Home / Milwaukee Color / The Pfister Hotel Mixing Business with Leather
Wednesday, Aug. 19, 2009

The Pfister Hotel Mixing Business with Leather

Milwaukee Color

Google+ Pinterest Print

Fibers of Milwaukee’s manufacturing legacy are laced throughout our city like an electric grid. It is so fundamental and ingrained that we don’t see it separately from our civic identity. Without it, though, we would be left with gaping holes in our culture. West Allis wouldn’t be called West Allis and Cudahy wouldn’t be called Cudahy. Our baseball stadium wouldn’t be called Miller Park; we wouldn’t play soccer at the Uihlein fields; we wouldn’t be going to concerts at the Pabst or viewing art at the Quadracci Pavilion.And politicians, professional athletes and rock stars visiting Milwaukee would have to find posh accommodations somewhere other than the Pfister Hotel.

At the turn of the 20th century, no city on the planet produced more leather than Milwaukee. According to John Gurda’s Cream City Chronicles, there were nearly 30 tanneries in our city by 1870, most owned and operated by Germans. King among them was the Pfister and Vogel Leather Co. Two years after immigrating to the United States from Hechingen, Germany, Guido Pfister settled in Milwaukee in 1847 and established a leather store near today’s City Hall. A year later, he teamed up with Frederick Vogel to build a tannery on the southern edge of the Menomonee Valley. By 1860 P&V was the most important tannery in Milwaukee, and by 1900 the company operated four facilities in the area.

Armed with wealth and power, Pfister joined a trend among some of Milwaukee’s enterprise-building pioneers to contribute to the city on a grand scale and to hopefully leave a lasting impression. Just as the real estate climate on Wisconsin Avenue was capable of supporting Pfister’s dream of a luxurious hotel on the East Side, the leather baron died. His son, Charles Pfister, aided by his sister, Louise Vogel, devoted himself to carrying out his wishes. He engaged architects Henry Koch and Hermann Esser and tripled the project’s budget to $1.5 million. Predating the “Buy Local” movement, Pfister saw to it that Milwaukee built the Pfister Hotel and, where possible, furnished and equipped it. Thus, the builder and superintendent hailed from here, and local companies laid the tile and mosaic floors and furnished the hardware, machinery and pipe coverings.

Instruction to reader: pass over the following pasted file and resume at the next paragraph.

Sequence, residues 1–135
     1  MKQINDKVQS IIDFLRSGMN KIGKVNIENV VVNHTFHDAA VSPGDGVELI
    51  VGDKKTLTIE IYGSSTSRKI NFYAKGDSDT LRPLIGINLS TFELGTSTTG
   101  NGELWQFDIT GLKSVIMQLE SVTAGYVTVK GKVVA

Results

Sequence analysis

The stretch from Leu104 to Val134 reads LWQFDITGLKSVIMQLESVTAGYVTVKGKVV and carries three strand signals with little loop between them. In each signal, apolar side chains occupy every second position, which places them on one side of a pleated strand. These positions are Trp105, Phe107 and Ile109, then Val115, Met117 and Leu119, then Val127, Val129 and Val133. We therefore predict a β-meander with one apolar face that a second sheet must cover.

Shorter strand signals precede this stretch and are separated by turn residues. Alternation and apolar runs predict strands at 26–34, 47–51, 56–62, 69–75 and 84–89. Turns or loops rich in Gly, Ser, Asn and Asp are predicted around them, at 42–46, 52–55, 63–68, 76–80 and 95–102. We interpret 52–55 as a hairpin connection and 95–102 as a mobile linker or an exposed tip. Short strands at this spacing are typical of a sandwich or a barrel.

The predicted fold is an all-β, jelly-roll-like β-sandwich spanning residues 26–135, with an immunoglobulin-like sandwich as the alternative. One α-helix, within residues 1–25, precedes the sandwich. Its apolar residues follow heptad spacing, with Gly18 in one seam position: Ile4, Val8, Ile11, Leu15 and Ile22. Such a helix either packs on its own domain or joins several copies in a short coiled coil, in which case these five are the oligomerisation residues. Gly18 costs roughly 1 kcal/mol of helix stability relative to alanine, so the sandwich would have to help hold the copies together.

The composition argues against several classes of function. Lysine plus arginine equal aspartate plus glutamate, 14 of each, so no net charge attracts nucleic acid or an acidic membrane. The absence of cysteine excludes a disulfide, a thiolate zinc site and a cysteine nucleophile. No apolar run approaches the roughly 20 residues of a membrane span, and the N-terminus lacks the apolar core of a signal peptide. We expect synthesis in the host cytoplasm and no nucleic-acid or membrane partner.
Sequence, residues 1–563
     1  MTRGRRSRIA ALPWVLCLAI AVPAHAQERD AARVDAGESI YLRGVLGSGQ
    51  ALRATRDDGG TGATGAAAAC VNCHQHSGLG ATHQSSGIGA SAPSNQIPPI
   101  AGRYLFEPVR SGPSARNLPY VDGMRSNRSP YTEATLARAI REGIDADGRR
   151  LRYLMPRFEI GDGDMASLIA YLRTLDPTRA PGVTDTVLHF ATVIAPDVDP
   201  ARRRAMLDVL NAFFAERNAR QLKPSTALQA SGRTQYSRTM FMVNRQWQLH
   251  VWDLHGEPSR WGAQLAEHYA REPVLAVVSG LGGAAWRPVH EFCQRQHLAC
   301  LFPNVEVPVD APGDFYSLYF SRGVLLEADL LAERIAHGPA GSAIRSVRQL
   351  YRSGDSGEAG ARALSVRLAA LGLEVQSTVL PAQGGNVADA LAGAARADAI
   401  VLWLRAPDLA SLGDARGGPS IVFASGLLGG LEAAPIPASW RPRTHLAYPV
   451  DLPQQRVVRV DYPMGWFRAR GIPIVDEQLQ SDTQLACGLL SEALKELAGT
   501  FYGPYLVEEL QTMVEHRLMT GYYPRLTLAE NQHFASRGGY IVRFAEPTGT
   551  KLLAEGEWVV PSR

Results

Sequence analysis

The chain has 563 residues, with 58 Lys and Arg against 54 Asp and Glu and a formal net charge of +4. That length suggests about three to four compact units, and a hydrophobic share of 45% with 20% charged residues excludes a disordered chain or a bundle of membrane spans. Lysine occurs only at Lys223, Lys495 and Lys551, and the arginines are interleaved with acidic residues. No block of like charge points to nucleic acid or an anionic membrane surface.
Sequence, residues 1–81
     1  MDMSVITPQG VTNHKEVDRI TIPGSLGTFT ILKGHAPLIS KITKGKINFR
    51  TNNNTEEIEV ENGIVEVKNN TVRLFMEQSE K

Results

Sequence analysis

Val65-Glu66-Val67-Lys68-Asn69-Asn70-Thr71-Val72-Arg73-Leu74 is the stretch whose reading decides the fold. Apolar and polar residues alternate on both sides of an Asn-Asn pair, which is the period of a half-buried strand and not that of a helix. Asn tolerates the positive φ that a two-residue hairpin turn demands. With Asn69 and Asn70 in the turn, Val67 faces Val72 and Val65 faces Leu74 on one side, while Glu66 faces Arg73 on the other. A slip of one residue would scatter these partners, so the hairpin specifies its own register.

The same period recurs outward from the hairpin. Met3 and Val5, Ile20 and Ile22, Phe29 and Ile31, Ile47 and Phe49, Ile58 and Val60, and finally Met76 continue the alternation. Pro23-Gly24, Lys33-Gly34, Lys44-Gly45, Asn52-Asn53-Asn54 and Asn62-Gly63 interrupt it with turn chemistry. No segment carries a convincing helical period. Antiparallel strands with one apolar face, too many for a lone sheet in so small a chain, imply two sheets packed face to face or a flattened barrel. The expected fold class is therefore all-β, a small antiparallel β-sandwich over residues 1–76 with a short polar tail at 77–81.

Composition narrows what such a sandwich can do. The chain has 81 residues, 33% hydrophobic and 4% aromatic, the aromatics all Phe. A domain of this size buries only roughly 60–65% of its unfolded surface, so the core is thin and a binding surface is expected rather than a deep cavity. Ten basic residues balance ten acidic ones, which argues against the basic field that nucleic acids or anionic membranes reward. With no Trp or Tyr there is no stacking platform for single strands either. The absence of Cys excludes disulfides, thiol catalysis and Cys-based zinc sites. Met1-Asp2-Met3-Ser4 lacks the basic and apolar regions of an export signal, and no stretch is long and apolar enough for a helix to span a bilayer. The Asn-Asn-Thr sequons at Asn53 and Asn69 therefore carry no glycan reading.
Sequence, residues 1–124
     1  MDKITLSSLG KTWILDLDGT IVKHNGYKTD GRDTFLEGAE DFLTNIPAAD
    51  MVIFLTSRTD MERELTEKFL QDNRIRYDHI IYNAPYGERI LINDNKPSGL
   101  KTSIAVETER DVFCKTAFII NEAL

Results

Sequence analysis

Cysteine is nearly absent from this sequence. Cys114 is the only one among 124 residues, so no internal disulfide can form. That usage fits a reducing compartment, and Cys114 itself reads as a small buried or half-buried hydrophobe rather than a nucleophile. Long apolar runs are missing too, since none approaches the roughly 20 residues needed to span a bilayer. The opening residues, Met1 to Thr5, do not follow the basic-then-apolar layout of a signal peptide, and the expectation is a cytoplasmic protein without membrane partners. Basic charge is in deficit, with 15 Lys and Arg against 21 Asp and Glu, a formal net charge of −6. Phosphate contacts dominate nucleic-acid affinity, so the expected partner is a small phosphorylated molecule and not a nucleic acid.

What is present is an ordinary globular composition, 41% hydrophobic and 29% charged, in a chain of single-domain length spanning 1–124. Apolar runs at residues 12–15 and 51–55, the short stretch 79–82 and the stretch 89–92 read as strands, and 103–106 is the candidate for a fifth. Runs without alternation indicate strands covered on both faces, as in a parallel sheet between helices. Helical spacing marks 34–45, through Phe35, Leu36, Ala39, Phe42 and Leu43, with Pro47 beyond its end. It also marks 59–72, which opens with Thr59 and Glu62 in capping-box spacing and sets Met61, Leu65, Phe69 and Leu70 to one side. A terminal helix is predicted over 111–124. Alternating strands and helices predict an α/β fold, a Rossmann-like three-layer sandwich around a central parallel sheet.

When the Pfister Hotel opened on May 1, 1893, it was the most lavish hotel of its time, with groundbreaking features including fireproofing, electricity throughout the hotel and thermostat controls in every room. In late-Victorian splendor, walls, stairs, columns and floors were of marble from Algiers and France. From its birth, the Pfister has been renowned for its large collection of artwork that elevates the entire hotel to a virtual art gallery. While traveling in Italy, T.A. Chapman, the hometown merchant who supplied the linens, sent back to Milwaukee two monumental bronze lions to stand at the entrance of the new hotel. “Dick” and “Harry,” as they were nicknamed, stood sentinel outside the Richardsonian Romanesque building of limestone and brick for 33 years before they were brought into the lobby.

A Milwaukee business group captained by Ben Marcus purchased the Pfister in 1962, determined to restore the hotel to its original beauty. Significant renovations to the hotel were completed and a new 23-story tower on the north side was added to the original eight stories of the building. Today, the Pfister Hotel continues to celebrate its tradition of gracious service and regal accommodations. There are tales that the ghost of Charles Pfister has been spotted in the original building, making certain the impeccable standards he established for the Pfister Hotel continue to be met.

Milwaukee Color is brought to you by WMSE 91.7